Kids who have celiac disease have a digestive and autoimmune disorder caused by an intolerance to gluten. They are unable to eat many foods, such as bread, pasta, cookies and cakes.
Gluten is a protein found in wheat, rye, barley and the other grains derived from them, such as farina, matzo, orzo, graham powder and panko.
When people with celiac disease eat gluten, their immune system mounts a response that attacks the small intestine. This causes damage to the villi, the finger-like projections in the small intestine responsible for absorbing nutrients from food. When the villi are damaged, the body can’t absorb the nutrients and vitamins it needs to thrive.
“This is why it's important for children who are diagnosed with celiac disease to adhere to a gluten-free diet,” Dr. Block says. “Following a gluten-free diet will improve their symptoms, promote healing of their intestine and prevent further problems.”
About three million people have celiac disease in the United States, according to the National Institute of Diabetes and Digestive and Kidney Diseases.
The disease can develop at any age, from early childhood well into senior adulthood. It’s unclear why some children become ill early in life while others get sick only after years of exposure. Sometimes surgery, a pregnancy, childbirth, a viral infection or severe mental stress can trigger celiac disease symptoms.
Most people have one or more symptoms. Some may not have symptoms or feel sick. Digestive symptoms are more common in children than adults and can include:
- Abdominal bloating and gas
- Chronic diarrhea
- Pale, foul-smelling stool
- Stomach pain
- Nausea and vomiting
Failure to absorb nutrients during the critical years of growth and development for a child can lead to health issues, such as:
- Delayed puberty in teens
- Delayed growth and short stature
- Weight loss
Research suggests celiac disease is a genetic condition, meaning it runs in families. You are more likely to develop the disease if someone in your family has it.
There are several blood tests available that screen for the disease, and a small intestinal biopsy is performed to confirm the diagnosis.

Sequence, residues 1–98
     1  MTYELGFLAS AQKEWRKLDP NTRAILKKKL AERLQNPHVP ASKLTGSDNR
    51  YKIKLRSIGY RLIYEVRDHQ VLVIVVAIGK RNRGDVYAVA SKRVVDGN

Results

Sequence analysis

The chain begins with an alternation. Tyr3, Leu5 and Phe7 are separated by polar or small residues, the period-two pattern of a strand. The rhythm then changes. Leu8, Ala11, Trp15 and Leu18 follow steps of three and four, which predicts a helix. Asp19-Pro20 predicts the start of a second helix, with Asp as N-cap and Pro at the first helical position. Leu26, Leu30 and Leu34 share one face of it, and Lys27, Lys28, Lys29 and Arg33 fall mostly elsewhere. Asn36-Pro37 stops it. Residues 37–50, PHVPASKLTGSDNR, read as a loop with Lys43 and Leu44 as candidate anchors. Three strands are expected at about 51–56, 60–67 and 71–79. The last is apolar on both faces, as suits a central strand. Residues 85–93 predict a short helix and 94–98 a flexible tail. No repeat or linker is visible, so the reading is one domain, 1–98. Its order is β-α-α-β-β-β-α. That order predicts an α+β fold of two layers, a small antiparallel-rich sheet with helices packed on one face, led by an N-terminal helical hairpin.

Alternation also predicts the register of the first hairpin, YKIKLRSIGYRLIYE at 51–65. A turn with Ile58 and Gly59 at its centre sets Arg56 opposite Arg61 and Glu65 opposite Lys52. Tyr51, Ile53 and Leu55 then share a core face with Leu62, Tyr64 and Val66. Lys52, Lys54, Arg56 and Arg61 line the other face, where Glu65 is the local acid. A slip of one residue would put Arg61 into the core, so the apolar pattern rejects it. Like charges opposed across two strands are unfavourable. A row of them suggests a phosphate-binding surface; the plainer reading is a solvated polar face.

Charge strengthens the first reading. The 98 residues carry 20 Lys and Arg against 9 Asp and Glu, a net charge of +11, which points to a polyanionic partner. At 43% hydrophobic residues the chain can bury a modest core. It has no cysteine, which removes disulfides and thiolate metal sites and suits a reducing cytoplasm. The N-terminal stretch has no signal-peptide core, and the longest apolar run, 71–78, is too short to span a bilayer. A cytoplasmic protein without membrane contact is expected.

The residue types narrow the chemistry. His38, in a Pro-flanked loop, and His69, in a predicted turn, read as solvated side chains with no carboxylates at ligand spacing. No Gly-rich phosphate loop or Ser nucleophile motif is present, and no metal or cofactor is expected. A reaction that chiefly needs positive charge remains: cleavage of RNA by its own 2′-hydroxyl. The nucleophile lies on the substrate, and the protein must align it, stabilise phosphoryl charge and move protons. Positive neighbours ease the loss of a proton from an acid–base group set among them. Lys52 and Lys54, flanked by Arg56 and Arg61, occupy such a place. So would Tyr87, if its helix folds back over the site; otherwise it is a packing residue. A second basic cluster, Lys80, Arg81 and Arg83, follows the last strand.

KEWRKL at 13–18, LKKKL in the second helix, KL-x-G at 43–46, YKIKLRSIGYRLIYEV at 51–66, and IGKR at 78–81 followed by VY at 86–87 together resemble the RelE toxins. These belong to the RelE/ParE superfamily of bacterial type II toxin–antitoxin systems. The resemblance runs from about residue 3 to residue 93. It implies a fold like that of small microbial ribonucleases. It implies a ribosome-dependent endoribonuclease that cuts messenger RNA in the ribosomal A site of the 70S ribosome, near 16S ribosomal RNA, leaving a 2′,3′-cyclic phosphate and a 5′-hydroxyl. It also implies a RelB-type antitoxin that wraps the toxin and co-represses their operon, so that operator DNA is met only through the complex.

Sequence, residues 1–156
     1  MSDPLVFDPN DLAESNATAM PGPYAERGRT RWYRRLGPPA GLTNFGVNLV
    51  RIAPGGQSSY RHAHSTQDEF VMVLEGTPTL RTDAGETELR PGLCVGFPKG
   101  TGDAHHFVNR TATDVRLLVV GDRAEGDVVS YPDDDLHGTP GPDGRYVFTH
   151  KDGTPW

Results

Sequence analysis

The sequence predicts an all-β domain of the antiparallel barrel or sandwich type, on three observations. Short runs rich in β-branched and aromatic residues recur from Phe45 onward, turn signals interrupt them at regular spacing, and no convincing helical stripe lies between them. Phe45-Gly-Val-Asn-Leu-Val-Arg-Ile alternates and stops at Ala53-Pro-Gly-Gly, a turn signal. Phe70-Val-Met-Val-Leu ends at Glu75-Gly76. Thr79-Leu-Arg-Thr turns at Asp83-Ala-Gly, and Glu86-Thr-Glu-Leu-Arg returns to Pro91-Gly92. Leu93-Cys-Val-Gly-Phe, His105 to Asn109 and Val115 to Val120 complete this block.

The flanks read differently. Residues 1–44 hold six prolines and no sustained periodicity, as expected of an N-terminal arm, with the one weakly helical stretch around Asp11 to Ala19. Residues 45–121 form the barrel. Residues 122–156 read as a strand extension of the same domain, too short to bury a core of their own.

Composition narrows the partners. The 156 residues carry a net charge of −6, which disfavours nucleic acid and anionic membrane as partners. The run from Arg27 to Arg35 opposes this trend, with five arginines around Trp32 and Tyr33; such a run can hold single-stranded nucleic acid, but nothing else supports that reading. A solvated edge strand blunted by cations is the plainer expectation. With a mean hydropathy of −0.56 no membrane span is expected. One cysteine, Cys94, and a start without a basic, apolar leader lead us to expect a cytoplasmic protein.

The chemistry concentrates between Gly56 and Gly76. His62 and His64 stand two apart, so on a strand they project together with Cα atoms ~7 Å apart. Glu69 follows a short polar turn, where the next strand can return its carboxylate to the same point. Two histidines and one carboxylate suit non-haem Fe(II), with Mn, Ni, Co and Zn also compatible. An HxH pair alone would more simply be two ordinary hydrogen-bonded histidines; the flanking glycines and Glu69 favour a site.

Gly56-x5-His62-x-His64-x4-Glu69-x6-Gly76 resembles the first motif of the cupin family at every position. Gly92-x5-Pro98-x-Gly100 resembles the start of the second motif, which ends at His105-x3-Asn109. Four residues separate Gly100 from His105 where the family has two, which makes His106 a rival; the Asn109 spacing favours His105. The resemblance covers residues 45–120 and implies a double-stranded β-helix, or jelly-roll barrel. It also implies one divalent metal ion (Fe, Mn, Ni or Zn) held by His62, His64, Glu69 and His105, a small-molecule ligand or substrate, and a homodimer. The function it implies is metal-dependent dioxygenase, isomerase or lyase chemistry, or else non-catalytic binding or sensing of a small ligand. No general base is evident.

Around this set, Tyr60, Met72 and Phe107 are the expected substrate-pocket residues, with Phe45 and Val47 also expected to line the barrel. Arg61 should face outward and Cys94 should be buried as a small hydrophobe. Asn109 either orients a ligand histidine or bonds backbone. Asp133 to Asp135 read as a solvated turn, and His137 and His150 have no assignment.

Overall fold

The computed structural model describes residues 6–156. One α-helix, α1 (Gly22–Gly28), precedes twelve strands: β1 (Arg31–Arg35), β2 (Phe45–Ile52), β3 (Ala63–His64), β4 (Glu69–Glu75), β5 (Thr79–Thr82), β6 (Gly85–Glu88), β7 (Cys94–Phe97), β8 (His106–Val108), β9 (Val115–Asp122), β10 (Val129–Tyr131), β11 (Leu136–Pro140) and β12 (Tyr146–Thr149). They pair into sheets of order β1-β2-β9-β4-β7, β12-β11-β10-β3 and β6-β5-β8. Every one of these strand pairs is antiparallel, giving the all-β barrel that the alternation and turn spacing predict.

“The longer it takes to diagnose, the more damage it can cause,” Dr. Block says. “Talk to your pediatrician if your child is showing symptoms.”
While celiac disease is treatable simply by avoiding foods with gluten, this can be challenging to do since gluten is found not just in certain grains, but in many other foods and non-food products.
Gluten, for example, is used as a thickening agent and filler in common products, such as ketchup and ice cream. Many lip balms and lipsticks, hair and skin products, toothpastes, vitamin and nutrient supplements and some medications contain gluten.
However, in recent years, grocery stores and restaurants have added many more gluten-free foods and products, making it easier to stay gluten free.
“Gluten-free bread, pasta and other foods are now easier to find in stores and restaurants,” Dr. Block says. “Still, make sure to read the product labels to be certain. At restaurants, let your server or chef know that you have strict dietary needs.”
The U.S. Food and Drug Administration (FDA) requires that gluten-free claims on food labels must be accurate and meet FDA standards. Gluten-free labels mean that the food contains less than 20 parts per million of gluten, the lowest level that can be reliably detected in foods, according to the FDA.
Some individuals don’t test positive for celiac disease, but they still have adverse reactions to gluten. Unlike celiac disease, gluten sensitivity doesn’t damage the intestine, and there are no accepted medical tests for the condition. The most common symptoms of gluten sensitivity are:
- Mental fatigue
- Gas, bloating and abdominal pain
It’s important to talk with your pediatrician if your child is showing symptoms of celiac disease or is at risk of developing the illness.
“If your child has celiac, your doctor will help find resources to get your child on a gluten-free diet and improve his or her health,” Dr. Block says.